Triggers for acute flare in adults with, or at risk of, knee osteoarthritis: a web-based case-crossover study in community-dwelling adults

THOMAS, M.J., RATHOD-MISTRY, T., PARRY, E.L., POPE, C., NEOGI, T. and PEAT, George (2021). Triggers for acute flare in adults with, or at risk of, knee osteoarthritis: a web-based case-crossover study in community-dwelling adults. Osteoarthritis and Cartilage, 29 (7), 956-964.

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Official URL: https://www.sciencedirect.com/science/article/pii/...
Open Access URL: https://www.sciencedirect.com/science/article/pii/... (Published version)
Link to published version:: https://doi.org/10.1016/j.joca.2021.04.007
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    Abstract

    Objective: To identify proximate causes (‘triggers’) of flares in adults with, or at risk of, knee osteoarthritis (OA), estimate their course and consequences, and determine higher risk individuals. Methods: In this 13-week web-based case-crossover study adults aged ≥40 years, with or without a recorded diagnosis of knee OA, and no inflammatory arthropathy who self-reported a knee flare completed a questionnaire capturing information on exposure to 21 putative activity-related, psychosocial and environmental triggers (hazard period, ≤72 h prior). Comparisons were made with identical exposure measurements at four 4-weekly scheduled time points (non-flare control period) using conditional logistic regression. Flare was defined as a sudden onset of worsening signs and symptoms, sustained for ≥24 h. Flare characteristics, course and consequence were analysed descriptively. Associations between flare frequency and baseline characteristics were estimated using Poisson regression. Results: Of 744 recruited participants (mean age [SD] 62.1 [10.2] years; 61% female), 376 reported 568 flares (hazards) and provided 867 valid control period measurements. Thirteen exposures (eight activity-related, five psychosocial/environmental) were positively associated with flare onset within 24 h (strongest odds ratio estimate, knee buckling: 9.06: 95% confidence interval [CI] 5.86, 13.99; weakest, cold/damp weather: 1.45: 95%CI 1.12, 1.87). Median flare duration was 5 days (IQR 3, 8), less common if older (incident rate ratio [IRR] 0.98: 95%CI 0.97, 0.99), more common if female (IRR 1.85: 95%CI 1.43, 2.39). Conclusions: Multiple activity-related, psychosocial and environmental exposures are implicated in triggering flares. This evidence can help inform prevention and acute symptom management for patients and clinicians.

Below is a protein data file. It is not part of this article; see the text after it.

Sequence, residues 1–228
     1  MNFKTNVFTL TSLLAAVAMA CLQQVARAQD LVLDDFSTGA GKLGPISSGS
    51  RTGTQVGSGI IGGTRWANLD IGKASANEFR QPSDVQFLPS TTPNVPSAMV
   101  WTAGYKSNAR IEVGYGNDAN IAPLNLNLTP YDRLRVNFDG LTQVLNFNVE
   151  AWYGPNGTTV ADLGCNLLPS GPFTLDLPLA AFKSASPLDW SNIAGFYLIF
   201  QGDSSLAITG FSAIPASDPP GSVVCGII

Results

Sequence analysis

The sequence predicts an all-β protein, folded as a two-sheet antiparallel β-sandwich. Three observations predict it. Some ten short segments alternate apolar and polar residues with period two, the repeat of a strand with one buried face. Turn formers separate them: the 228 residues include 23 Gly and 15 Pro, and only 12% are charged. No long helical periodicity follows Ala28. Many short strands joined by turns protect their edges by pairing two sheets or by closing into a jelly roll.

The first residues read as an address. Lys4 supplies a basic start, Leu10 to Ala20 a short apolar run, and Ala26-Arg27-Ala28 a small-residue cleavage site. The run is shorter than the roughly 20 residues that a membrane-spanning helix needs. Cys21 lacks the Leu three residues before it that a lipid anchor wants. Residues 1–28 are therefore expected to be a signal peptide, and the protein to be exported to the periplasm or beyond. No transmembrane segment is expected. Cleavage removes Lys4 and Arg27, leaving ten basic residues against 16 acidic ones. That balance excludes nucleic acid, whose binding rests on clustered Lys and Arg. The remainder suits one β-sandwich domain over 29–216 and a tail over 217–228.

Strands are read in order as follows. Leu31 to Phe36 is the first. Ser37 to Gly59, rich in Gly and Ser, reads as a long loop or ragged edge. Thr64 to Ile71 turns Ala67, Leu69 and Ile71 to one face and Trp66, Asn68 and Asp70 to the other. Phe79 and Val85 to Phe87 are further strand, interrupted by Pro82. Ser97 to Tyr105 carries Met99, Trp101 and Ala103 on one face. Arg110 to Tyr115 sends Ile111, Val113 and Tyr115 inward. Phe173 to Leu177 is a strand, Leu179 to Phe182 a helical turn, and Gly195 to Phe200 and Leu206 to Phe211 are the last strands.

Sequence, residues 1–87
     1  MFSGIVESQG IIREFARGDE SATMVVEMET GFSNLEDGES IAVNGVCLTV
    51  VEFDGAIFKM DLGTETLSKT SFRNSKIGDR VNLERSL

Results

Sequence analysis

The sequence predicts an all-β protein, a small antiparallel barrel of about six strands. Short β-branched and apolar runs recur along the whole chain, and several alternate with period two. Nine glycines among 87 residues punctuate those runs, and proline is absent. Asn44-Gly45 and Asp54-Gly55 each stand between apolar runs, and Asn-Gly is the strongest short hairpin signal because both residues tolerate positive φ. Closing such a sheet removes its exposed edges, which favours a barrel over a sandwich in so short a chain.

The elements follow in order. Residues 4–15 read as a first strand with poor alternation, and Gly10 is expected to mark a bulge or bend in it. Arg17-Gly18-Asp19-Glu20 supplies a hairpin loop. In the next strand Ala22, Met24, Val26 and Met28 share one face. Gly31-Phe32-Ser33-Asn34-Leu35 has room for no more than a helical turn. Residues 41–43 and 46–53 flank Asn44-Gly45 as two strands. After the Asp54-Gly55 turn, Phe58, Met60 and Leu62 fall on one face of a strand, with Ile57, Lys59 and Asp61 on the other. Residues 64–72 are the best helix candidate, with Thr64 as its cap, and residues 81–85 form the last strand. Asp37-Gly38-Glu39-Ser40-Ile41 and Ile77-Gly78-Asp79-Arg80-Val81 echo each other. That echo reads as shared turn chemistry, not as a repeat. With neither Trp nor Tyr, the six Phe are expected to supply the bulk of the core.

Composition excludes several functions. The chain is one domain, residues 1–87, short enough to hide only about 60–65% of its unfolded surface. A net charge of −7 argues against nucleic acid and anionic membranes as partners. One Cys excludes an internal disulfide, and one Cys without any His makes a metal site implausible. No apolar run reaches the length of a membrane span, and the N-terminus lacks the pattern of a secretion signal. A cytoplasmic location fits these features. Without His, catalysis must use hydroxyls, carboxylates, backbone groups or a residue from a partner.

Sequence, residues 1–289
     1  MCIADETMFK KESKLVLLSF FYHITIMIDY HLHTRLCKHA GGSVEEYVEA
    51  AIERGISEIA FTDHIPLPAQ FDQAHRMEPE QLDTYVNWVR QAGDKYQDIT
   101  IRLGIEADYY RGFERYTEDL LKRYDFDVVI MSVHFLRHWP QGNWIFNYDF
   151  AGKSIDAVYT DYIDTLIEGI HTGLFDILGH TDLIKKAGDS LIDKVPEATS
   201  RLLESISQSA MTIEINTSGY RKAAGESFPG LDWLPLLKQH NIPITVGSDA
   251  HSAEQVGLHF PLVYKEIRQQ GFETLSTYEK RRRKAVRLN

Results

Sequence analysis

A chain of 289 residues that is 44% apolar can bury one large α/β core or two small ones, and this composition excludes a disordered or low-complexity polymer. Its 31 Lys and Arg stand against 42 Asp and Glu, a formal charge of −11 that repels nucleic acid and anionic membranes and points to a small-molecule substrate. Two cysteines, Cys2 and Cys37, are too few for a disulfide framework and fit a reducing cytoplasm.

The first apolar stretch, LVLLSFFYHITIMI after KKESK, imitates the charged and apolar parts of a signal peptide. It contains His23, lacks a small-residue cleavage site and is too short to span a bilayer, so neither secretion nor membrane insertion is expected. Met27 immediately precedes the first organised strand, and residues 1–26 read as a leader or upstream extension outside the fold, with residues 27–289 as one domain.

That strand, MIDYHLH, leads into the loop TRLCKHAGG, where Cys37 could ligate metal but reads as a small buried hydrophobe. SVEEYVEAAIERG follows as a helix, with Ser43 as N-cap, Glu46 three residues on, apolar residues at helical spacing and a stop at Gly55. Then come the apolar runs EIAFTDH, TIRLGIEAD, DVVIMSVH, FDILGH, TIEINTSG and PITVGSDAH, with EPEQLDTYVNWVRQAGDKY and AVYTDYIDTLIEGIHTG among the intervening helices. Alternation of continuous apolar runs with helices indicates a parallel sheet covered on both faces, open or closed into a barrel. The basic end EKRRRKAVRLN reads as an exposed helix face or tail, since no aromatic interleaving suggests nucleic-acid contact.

Item Type: Article
    Uncontrolled Keywords: Case-crossover; Flare; Knee; Osteoarthritis; Web-based; Aged; Cross-Over Studies; Exercise; Female; Humans; Male; Middle Aged; Osteoarthritis, Knee; Sex Factors; Surveys and Questionnaires; Symptom Flare Up; Humans; Osteoarthritis, Knee; Exercise; Cross-Over Studies; Sex Factors; Aged; Middle Aged; Female; Male; Surveys and Questionnaires; Symptom Flare Up; Arthritis & Rheumatology; 0903 Biomedical Engineering; 1103 Clinical Sciences; 1106 Human Movement and Sports Sciences
    Identification Number: https://doi.org/10.1016/j.joca.2021.04.007
    Page Range: 956-964
    SWORD Depositor: Symplectic Elements
    Depositing User: Symplectic Elements
    Date Deposited: 09 Sep 2022 08:59
    Last Modified: 09 Sep 2022 08:59
    URI: http://shura.shu.ac.uk/id/eprint/30527

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